# Normal univariate

Suppose ${\displaystyle {\mathbf {x}}=(x_{1},x_{2},\cdots ,x_{n})}$ where ${\displaystyle x_{i}}$ are iid observations from the Normal (also known as Gaussian) distribution with density:

${\displaystyle {\mathcal {N}}(x\mid \mu ,\sigma ^{2})={\frac {1}{\sqrt {2\pi \sigma ^{2}}}}\exp {\Big \{}-{\frac {(x-\mu )^{2}}{2\sigma ^{2}}}{\Big \}},\;-\infty 0)}$.

In the parameterization above the parameters ${\displaystyle \mu }$ and ${\displaystyle \sigma ^{2}}$ represent the mean and variance population, respectively. This distribution may come alternatively parameterized in terms of ${\displaystyle \mu }$ and the standard deviation, ${\displaystyle \sigma }$, or in terms of ${\displaystyle \mu }$ and the precision ${\displaystyle \tau }$, defined as ${\displaystyle \tau =1/\sigma ^{2}}$.

## Case 1: Mean and variance unknown

Overall Recommended (OR) prior
${\displaystyle \pi (\mu ,\sigma ^{2})\propto \sigma ^{-2}}$
In other parameterizations
${\displaystyle \pi (\mu ,\sigma )\propto \sigma ^{-1}}$
${\displaystyle \pi (\mu ,\tau )\propto \tau ^{-1}}$
Recommended prior if ${\displaystyle \mu /\sigma \,}$ is of main interest
${\displaystyle \pi (\mu ,\sigma )\propto {\Big (}1+{\frac {1}{2}}{\big (}{\frac {\mu }{\sigma }}{\big )}^{2}{\Big )}^{-1/2}\sigma ^{-2}}$

### Formal endorsements

[1] showed that the Overall Recommended (OR) prior is the reference prior for any ordering of the parameters ${\displaystyle (\mu ,\sigma ^{2})}$. This observation led to [2] to suggest this prior for general use or as these authors describe in "situations where one is simultaneously interested in all the parameters of the model or perhaps in several functions of them."

The OR prior was first proposed by Harold Jeffreys as the prime example of what we now call Jeffreys independence prior and was later recommended by [3] based on invariance considerations.

A different recommendation arises when the parameter of interest is the standardized normal mean, that is, ${\displaystyle {\frac {\mu }{\sigma }}}$. In this situation [1] showed that the prior in the table is the reference prior.

### Posterior propriety

The posterior distribution of the OR prior is

${\displaystyle \pi (\mu ,\sigma ^{2}\mid {\mathbf {x}})={\mathcal {N}}(\mu \mid {\bar {x}},\sigma ^{2}/n)\,{{\mathcal {I}}G}{\Big (}\sigma ^{2}\mid (n-1)/2,\,\sum _{i=1}^{n}(x_{i}-{\bar {x}})^{2}/2{\Big )}}$

where ${\displaystyle {{\mathcal {I}}G}}$ is the inverse gamma distribution. It can be easily seen that this posterior distribution is proper if ${\displaystyle n\geq 2}$.

### Other properties

Other important properties of the OR prior have to be with invariance arguments and the fact that the normal distribution is location-scale invariant and hence the OR prior equals the right-Haar prior [4].

### Alternatives

• The Jeffreys prior ${\displaystyle \pi (\mu ,\sigma ^{2})\propto \sigma ^{-3/2}}$, but this prior was considered much less appealing starting from the original author [5].
• A proper prior that has the OR prior as the limiting case is ${\displaystyle {\mathcal {N}}(\mu \mid 0,E){{\mathcal {I}}G}(\sigma ^{2}\mid \epsilon ,\epsilon )}$ with (${\displaystyle E\rightarrow \infty ,\epsilon \rightarrow 0}$).

## Case 2: Mean unknown; variance known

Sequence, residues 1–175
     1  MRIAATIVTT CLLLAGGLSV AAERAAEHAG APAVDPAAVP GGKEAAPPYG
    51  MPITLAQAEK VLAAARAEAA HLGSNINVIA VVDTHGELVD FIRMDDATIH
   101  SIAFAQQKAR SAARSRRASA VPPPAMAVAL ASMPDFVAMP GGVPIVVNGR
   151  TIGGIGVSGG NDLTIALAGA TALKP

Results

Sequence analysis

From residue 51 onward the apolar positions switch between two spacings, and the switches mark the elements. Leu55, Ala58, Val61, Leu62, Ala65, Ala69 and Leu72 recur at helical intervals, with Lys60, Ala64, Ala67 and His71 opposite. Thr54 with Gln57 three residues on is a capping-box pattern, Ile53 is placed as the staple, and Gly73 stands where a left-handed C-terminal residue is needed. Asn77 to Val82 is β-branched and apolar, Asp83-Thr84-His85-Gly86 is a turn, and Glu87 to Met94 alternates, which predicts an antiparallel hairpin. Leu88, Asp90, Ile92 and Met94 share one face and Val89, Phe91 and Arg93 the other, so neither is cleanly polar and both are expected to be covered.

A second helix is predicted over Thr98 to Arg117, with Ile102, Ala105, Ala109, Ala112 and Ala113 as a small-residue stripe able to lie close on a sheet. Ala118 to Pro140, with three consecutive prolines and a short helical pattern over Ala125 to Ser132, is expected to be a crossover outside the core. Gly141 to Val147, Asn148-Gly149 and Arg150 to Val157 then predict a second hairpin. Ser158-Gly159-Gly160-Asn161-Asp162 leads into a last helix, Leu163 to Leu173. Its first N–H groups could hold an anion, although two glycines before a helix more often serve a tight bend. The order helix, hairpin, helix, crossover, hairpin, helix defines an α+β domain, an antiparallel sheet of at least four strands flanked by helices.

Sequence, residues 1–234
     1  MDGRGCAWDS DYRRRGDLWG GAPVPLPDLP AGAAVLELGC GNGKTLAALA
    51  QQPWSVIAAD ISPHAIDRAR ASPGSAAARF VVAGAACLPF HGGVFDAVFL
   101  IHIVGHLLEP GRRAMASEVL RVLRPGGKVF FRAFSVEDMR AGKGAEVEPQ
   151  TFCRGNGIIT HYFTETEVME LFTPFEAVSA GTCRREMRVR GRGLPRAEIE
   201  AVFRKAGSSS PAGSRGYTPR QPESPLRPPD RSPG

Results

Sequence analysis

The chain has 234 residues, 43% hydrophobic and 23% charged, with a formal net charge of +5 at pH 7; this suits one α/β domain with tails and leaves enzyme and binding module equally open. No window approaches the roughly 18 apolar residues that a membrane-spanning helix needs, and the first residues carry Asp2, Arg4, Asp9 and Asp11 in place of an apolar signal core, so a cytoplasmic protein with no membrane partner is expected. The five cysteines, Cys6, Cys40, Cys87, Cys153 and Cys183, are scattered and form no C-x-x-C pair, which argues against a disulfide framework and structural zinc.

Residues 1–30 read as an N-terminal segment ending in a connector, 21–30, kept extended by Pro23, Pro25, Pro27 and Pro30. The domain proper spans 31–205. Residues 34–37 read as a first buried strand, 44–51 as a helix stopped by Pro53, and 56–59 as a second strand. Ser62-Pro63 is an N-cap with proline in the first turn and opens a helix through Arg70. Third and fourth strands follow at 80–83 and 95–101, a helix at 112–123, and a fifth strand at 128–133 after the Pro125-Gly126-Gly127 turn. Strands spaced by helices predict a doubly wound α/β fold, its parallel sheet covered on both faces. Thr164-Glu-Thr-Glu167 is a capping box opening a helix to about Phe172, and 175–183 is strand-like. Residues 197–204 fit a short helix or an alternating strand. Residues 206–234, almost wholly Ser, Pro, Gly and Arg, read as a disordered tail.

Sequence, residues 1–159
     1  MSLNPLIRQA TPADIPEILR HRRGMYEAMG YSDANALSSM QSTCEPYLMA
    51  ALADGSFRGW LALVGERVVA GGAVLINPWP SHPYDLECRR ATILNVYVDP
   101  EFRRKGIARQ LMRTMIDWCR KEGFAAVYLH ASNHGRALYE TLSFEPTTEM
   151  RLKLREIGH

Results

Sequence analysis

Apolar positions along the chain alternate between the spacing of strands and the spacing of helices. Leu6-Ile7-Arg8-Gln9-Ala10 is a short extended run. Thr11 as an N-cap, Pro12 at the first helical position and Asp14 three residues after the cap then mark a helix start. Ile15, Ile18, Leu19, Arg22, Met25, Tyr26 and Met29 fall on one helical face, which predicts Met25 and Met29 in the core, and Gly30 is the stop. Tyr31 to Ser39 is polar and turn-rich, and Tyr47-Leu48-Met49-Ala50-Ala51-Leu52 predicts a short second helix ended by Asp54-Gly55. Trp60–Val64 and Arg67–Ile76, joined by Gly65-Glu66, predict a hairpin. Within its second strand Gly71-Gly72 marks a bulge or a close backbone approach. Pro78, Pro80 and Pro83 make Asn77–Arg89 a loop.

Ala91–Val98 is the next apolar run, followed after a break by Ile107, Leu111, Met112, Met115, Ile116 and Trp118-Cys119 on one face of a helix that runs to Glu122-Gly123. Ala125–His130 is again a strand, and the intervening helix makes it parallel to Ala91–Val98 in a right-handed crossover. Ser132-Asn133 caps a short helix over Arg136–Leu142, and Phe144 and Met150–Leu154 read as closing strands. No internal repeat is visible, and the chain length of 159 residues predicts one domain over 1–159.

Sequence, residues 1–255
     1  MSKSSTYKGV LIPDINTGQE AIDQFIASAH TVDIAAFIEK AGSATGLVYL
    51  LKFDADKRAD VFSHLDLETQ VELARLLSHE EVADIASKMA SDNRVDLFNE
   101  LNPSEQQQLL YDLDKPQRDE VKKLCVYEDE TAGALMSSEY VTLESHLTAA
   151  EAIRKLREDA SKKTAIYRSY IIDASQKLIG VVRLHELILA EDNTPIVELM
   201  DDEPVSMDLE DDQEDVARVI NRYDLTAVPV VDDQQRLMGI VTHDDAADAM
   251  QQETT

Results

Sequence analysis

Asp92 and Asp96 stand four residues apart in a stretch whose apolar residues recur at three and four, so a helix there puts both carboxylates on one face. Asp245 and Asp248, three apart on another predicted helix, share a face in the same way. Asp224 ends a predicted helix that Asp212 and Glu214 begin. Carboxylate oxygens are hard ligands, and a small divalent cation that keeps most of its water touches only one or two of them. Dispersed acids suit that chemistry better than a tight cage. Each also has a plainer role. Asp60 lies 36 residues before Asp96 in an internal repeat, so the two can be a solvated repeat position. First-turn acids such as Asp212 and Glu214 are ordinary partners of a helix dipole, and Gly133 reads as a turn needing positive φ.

Case 2: Recommended prior
${\displaystyle \pi (\mu )\propto 1}$

### Formal endorsements

The recommended prior is the constant prior over the real line. [1] showed that the recommended prior is the reference prior and is also the Jeffreys prior.

### Posterior propriety

The posterior distribution associated with the recommended prior is

${\displaystyle \pi (\mu \mid {\mathbf {x}})={\mathcal {N}}(\mu \mid {\bar {x}},\sigma ^{2}/n)}$,

which is always proper.

### Other properties

The distribution is location invariant and hence the recommended prior coincides with the right-Haar prior [4].

### Alternatives

• A proper prior that has the recommended prior as the limiting case is ${\displaystyle {\mathcal {N}}(\mu \mid 0,E)}$ with ${\displaystyle E\rightarrow \infty }$.

## Case 3: Variance unknown; mean known

Case 3: Recommended prior
${\displaystyle \pi (\sigma ^{2})\propto 1/\sigma ^{2}}$
In other parameterizations
${\displaystyle \pi (\sigma )\propto 1/\sigma }$
${\displaystyle \pi (\tau )\propto 1/\tau }$
${\displaystyle \pi (\ell )\propto 1,\,\ell =\log(\sigma )}$

### Formal endorsements

[1] showed that the recommended prior is the reference prior and is also the Jeffreys prior.

### Posterior propriety

The posterior distribution of the recommended prior is

${\displaystyle \pi (\sigma ^{2}\mid {\mathbf {x}})={{\mathcal {I}}G}{\Big (}\sigma ^{2}\mid n/2,\,\sum _{i=1}^{n}(x_{i}-\mu )^{2}/2{\Big )}}$

which is always proper.

### Other properties

The distribution is scale invariant and hence the recommended prior coincides with the right-Haar prior [4].

### Alternatives

• A proper prior that has the recommended prior as the limiting case is ${\displaystyle {{\mathcal {I}}G}(\sigma ^{2}\mid \epsilon ,\epsilon )}$ with ${\displaystyle \epsilon \rightarrow 0}$.

## References

1. Bernardo, J. and Smith, A. (1994), Bayesian Theory, John Wiley and Sons, London.
2. Berger, J., Bernardo, J., and Sun, D. (2015), Overall objective priors, Bayesian Analysis, 10, 189-221.
3. Barnard, G. A. (1949), Statistical inference, Journal of the Royal Statistical Society, Series B, Methodological 11, 115–149.
4. Berger, J.O. (1985), Statistical Decision Theory and Bayesian Analysis (2nd Ed.), Springer.
5. Jeffreys, H. (1961), Theory of Probability (3rd Ed.), Clarendon Press.